[bas relief by Oleh Lesiuk]
Correspondence from Gareth Jones to his parents in August 1930
on the Dire Prospects for the Soviet People .
Gareth's personal four page letter of August 26th, 1930, to his parents from the safety of Berlin after leaving the USSR, where he predicted 'many deaths' through 'starvation' (as a result of the Five-Year Plan).
Please click on the links below to view legible pictures of individual pages - and if need be, copy the images on to your hard disk and then view them with any photo editor program.
[N.B. The small 'censorship' on the first page was made for unknown reasons by Gareth's mother, which we strongly believe reads 'G.B. Shaw' (George Bernard Shaw), who had just visited Moscow with Lady Astor, and to whom Gareth repeats this sentiment in his Berlin Famine Press Release in March 1933. (This could if necessary be proven scientifically at a later date).]
Full Transcript of above letter:
Hurray! It is wonderful to be in Germany again, absolutely wonderful. Russia is in a very bad state; rotten, no food, only bread; oppression, injustice, misery among the workers and 90% discontented. I saw some very bad things, which made me mad to think that people like [the Webbs (Sydney and Beatrice Web)] go there and come back, after having been led round by the nose and had enough to eat, and say that Russia is a paradise. In the South there is talk of a new revolution, but it will never come off, because the Army and the O.G.P.U. (Soviet Police) are too strong. The winter is going to be one of great suffering there and there is starvation. The government is the most brutal in the world. The peasants hate the Communists. This year thousands and thousands of the best men in Russia have been sent to Siberia and the prison island of Solovki. People are now speaking openly against the Government.
In the Donetz Basin conditions are unbearable. Thousands are leaving. I shall never forget the night I spent in a railway station on the way to Hughesovka. One reason why I left Hughesovska so quickly was that all I could get to eat was a roll of bread –and that is all I had up to 7 o’clock. Many Russians are too weak to work. I am terribly sorry for them. They cannot strike or they are shot or sent to Siberia. There are heaps of enemies of the Communist within the country.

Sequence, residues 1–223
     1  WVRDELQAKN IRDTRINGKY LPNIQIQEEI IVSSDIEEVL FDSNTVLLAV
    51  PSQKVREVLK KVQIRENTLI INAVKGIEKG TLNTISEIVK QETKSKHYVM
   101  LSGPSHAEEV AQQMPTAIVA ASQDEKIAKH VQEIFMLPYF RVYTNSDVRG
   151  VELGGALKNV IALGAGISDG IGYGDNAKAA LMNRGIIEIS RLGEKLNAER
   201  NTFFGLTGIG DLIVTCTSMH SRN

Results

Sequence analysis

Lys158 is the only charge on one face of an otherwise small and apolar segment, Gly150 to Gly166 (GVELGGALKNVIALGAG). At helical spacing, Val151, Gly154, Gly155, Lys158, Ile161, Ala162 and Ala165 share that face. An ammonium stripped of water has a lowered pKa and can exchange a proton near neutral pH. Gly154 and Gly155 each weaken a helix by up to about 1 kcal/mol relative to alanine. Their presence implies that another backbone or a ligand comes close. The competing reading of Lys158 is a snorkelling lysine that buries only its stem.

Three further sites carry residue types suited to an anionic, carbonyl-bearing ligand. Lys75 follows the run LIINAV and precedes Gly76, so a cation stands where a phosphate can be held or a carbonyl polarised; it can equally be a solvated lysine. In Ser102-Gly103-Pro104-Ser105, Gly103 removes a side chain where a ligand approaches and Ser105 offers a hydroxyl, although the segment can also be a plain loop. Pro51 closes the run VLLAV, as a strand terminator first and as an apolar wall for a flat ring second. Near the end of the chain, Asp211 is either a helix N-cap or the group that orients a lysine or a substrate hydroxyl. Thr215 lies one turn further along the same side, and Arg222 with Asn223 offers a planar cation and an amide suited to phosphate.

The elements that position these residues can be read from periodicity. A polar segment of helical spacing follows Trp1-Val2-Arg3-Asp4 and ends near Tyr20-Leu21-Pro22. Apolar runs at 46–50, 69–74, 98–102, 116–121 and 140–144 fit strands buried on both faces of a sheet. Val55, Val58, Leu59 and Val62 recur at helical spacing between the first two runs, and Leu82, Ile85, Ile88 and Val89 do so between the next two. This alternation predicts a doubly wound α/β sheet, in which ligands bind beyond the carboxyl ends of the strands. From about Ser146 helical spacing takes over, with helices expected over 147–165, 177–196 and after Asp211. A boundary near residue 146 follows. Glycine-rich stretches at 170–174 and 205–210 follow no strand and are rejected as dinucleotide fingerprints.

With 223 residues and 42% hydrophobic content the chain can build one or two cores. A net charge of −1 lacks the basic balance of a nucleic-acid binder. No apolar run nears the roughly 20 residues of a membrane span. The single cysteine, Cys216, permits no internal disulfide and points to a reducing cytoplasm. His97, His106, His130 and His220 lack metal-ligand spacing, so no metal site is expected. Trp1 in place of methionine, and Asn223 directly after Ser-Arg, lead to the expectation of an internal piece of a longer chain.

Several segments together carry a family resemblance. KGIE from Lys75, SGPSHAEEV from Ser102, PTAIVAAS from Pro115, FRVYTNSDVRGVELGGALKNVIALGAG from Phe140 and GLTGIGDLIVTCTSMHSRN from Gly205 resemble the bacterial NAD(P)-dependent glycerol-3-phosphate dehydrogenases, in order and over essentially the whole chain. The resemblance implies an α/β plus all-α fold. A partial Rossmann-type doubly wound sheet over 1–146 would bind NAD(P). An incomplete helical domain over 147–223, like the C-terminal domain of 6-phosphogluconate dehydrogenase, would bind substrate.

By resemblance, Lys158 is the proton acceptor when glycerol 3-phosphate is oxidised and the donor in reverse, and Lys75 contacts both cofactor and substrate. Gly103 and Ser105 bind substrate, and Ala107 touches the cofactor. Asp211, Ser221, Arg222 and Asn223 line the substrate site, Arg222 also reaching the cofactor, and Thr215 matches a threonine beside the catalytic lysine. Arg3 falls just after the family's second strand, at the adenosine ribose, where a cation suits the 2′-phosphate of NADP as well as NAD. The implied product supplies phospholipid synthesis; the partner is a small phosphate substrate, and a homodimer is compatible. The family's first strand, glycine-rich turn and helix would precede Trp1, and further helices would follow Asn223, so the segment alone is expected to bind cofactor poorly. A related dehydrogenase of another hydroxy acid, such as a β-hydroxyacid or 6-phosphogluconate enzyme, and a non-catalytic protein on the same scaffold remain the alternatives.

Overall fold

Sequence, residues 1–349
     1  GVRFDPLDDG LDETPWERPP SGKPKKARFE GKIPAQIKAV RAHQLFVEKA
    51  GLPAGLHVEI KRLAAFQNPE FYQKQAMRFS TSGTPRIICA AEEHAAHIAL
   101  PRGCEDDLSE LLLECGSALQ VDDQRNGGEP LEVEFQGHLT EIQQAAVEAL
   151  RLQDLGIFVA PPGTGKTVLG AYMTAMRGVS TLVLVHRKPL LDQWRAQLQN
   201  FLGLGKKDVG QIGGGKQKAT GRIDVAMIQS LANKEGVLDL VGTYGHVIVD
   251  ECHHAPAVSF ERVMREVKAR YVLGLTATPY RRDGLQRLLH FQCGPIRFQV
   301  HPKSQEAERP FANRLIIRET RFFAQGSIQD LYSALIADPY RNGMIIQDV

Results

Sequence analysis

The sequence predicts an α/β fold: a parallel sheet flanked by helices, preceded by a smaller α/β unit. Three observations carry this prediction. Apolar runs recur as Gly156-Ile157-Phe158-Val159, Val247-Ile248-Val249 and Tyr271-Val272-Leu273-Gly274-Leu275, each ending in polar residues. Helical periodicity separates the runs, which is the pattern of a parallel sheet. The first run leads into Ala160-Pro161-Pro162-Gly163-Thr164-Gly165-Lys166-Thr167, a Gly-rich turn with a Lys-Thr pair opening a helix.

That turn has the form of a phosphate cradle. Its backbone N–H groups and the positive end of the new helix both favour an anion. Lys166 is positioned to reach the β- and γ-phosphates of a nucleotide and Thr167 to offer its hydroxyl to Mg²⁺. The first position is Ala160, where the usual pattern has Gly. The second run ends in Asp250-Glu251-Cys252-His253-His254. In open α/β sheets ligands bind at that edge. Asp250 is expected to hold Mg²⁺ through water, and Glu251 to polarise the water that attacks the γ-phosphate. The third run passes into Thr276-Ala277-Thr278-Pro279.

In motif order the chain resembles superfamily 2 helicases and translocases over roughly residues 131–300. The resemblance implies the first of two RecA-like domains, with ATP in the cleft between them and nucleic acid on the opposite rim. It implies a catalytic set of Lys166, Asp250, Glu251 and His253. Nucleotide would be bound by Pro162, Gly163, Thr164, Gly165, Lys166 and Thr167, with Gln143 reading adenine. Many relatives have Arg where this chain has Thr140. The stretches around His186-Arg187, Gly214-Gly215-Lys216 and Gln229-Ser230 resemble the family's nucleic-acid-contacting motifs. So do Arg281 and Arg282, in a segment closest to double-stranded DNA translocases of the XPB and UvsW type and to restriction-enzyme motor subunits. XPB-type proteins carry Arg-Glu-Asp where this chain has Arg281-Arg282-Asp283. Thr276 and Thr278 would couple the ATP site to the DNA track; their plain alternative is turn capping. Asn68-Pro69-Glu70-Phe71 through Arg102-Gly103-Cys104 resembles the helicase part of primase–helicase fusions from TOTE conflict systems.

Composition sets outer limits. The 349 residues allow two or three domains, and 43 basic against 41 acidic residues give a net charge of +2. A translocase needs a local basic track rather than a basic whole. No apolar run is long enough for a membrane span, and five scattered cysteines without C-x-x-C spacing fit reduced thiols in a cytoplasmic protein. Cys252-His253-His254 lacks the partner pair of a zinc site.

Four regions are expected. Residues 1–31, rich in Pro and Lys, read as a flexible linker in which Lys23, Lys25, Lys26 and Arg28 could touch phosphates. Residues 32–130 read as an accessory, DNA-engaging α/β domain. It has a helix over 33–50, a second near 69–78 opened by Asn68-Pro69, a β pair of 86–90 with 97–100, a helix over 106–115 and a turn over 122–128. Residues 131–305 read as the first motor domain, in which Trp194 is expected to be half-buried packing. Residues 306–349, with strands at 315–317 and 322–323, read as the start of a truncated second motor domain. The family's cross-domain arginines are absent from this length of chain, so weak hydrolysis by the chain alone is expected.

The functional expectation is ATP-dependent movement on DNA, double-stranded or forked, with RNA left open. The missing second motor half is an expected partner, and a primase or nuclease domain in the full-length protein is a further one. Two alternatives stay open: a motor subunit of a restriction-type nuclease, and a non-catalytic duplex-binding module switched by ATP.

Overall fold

Nevertheless great strides have been made in many industries and there is a good chance that when the Five-Year Plan is over Russia may become prosperous. But before that there will be great suffering, many riots and many deaths.
The Communists are doing excellent work in education, hygiene and against alcohol. Butter is 16/- a pound in Moscow; prices are terrific, boots etc. cannot be had. There is nothing in the shops. The Communists were remarkably kind to me and gave me an excellent time.
Last Sunday I flew from Rostov to Moscow as their guest. You will get this letter probably before my Sunday letter. Germany is a fine place. I am looking forward so much to seeing the Haferkorns and getting your letters there, because I have had very little news. Thank goodness I am not a Consul in Russia – not even in Taganrog!
Just had a fine lunch. When I come back I shall appreciate Auntie Winnie’s [Gareth's 'live-in' aunt at his parent's home] dinner more than ever.
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